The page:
I'll start with a WARNING: Do not create a .Net components that will be loaded in IE. Ask yourself the question "What would happen if another app does the same, and it uses different version of the CLR?". IE does not guarantee any order of loading the different COM components it needs, so there's no guarantee that your version of the CLR will be loaded in the process by the time IE calls you.
Now onto your problem. There are several issue with your scenario:
- .Net does not support creating out-of-proc COM components natively. Yes, it is possible to create one by doing bunch of hacks and manual registration; however, it is not a simple task and requires deep knowledge of how COM works;
- with the above in mind, your option is really to create a .Net DLL and use the ComVisible attribute to expose the classes you need to COM. As you mentioned it, you will need to register it using
RegAsm.exe, for IE to be able to use it;
- since you want the main functionality of your download manager to be in a standalone executable, you will have to use a .Net supported cross-process communication mechanism. .Net Remoting is likely the easiest way to implement it, and should for the most part meet your requirements. The alternative is to implement the download functionality in-proc. However, beside the consideration that you now could easily hose the IE process, if you are not careful to listen to its quit notification (which require a lot more work by itself), there's also the whole enchilada with the IE7+ protected mode, which severely limits what your in-proc code can do (limited file access, registry access, Windows APIs and other limitations);
- there are certain complications arising from the IE8 and IE9 process model. Besides the top frame process, IE8/9 create a pool of processes and load-balance the tabs into these. I don't know which process will try to create your COM component and wheter it's going to be one per tab or per process or for the whole IE session (which spans multiple processes), so you have to be prepared that you might have multiple instances in multiple processes running concurrently. If this is the case, you will have to figure out how to ensure that the communication between the in-proc COM component and the executable is not serialized one instance at a time, or you might affect the browsing experience for the user. (A simple scenario would be a page with multiple download links and the user right-clicking on each link and selecting
Open in new tab, thus launching multiple downloads in several tabs at once);
- even if there is one instance per IE session, elevated IE instances run in a separate session from the regular user IE instances for security reasons. There's the interesting complication that your .Net Remoting call from the in-proc COM component in the elevated IE session will result in a second copy of your executable being launched also elevated. Thus, your download manager will have to be prepared that there might be two processes accessing the same download queue;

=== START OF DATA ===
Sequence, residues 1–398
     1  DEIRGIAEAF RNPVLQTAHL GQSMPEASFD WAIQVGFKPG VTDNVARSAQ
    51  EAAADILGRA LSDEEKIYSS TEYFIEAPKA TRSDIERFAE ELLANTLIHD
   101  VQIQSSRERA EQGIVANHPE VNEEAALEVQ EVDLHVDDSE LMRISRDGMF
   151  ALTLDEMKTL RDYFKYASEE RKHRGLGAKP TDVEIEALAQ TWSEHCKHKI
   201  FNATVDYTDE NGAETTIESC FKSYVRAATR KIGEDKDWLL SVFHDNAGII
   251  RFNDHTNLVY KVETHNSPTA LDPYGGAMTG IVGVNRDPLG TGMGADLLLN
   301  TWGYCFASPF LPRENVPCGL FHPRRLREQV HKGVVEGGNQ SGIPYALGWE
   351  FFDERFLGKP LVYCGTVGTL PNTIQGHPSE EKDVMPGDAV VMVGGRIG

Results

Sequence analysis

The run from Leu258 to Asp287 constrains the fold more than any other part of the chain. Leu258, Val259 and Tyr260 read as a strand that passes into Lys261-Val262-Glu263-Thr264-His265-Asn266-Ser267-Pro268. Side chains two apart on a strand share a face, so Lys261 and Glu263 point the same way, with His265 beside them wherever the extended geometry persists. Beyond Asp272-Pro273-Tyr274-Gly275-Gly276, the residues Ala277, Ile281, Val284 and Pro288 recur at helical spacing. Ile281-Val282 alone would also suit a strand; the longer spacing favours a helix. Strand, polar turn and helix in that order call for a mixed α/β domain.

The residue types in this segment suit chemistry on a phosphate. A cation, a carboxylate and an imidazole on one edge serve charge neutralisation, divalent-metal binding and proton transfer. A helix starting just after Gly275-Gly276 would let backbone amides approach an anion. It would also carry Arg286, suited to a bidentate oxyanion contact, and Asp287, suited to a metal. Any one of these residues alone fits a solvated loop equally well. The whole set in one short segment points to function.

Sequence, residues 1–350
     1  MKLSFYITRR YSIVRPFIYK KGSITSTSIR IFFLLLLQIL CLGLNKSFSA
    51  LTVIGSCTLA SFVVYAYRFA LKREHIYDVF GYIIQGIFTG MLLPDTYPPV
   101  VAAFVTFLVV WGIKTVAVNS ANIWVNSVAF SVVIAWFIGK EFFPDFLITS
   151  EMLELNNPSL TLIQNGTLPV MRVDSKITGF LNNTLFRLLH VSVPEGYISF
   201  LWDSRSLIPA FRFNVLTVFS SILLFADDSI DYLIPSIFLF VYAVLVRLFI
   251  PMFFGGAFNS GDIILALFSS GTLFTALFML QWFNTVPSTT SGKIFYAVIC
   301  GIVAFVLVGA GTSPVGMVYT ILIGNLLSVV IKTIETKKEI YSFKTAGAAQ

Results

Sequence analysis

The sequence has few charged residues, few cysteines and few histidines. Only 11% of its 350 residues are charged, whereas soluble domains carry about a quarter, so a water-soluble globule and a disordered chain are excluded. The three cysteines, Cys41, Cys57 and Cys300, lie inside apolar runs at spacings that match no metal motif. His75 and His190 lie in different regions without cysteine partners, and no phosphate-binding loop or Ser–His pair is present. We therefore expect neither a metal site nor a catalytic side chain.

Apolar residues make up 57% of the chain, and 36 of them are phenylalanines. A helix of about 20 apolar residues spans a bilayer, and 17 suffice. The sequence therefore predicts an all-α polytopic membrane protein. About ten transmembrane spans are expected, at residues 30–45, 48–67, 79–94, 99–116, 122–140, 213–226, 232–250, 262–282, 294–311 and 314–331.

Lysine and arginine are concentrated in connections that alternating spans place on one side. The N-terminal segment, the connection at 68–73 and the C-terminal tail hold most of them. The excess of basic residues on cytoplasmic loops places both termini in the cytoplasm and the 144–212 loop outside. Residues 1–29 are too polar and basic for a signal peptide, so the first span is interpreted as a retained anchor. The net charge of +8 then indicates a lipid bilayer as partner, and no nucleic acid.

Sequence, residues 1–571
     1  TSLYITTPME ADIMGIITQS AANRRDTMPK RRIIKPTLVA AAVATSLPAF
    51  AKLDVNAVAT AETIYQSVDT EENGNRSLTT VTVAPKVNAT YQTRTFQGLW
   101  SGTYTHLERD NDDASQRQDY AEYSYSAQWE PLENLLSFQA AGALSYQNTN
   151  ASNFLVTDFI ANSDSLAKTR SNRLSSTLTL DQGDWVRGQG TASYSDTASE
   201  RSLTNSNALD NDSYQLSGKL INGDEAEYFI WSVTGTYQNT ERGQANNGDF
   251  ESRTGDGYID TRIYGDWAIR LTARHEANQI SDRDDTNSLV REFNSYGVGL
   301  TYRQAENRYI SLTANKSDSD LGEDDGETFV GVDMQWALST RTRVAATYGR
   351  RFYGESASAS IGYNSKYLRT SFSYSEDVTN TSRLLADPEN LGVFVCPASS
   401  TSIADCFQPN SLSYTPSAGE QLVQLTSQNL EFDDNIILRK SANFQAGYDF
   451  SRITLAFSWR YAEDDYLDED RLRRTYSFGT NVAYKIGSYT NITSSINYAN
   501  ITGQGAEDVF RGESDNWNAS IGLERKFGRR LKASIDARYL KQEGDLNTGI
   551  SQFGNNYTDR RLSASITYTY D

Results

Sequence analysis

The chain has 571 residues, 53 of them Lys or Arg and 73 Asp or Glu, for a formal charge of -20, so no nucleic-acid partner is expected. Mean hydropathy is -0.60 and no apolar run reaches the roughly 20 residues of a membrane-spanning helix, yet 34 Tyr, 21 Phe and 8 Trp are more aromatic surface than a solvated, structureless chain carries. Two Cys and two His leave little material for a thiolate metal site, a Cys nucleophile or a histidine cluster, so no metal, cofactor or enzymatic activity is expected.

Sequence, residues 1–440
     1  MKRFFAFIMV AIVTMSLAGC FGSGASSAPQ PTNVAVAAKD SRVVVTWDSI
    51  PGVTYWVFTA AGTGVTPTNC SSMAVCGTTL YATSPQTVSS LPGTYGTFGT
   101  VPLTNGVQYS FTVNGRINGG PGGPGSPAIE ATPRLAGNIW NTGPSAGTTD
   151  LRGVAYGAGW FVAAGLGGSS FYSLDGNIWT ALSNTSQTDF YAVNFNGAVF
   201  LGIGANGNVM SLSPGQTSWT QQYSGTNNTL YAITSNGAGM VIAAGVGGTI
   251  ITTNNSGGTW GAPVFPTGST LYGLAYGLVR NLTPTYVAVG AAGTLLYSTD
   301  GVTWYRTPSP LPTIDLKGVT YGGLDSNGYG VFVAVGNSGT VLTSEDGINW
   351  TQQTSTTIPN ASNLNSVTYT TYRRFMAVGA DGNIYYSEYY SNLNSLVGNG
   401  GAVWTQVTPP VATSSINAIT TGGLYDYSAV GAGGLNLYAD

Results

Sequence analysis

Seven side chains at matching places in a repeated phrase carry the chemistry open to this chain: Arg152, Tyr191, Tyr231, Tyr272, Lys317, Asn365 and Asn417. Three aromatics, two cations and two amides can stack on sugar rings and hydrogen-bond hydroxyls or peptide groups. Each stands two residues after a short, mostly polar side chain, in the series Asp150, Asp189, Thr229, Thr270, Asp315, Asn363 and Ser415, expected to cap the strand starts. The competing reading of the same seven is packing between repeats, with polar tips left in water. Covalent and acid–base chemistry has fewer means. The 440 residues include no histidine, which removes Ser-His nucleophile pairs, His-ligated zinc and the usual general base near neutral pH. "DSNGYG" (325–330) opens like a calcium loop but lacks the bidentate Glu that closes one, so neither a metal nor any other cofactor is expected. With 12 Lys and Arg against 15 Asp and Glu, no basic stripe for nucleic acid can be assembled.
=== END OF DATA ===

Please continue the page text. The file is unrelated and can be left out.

- starting with IE7, IE protected mode (the default) will intercept any calls that result in starting a new process and show a dialog to the user. The only way to avoid this would be to register a silent IE elevation policy for your process. The elevation policies are registered in
HKEY_LOCAL_MACHINE, which means that you will need an installer, or at least a simple script for the users to run as administrator;
- even if you decide against the elevation policy and to live with the bad experience of this dialog, to register your download manager with IE, you still will have to write to the HKEY_LOCAL_MACHINE registry hive, otherwise IE will not know of it and won't use it. In other words, you still need some kind of installer or a deployment script;
- IE is fairly aggressive in measuring the performance of the code that runs on the UI thread and in terminating background threads when exiting the process. So whatever functionality you have in the in-proc component, you will have to balance between being as fast as possible on the UI thread (which means less work or you'll impact the user experience) and doing work on the background threads (which means be prepared you might be killed without notification at any moment);
I think this list covers the main issues you will have to solve. The biggest problem you will encounter is that a lot of the specifics around IE process model are not well documented on MSDN, and there are almost no examples of implementing this scenario in managed code (and of those that exist, most are old and are not updated for IE8/IE9, and some even won't work in IE7).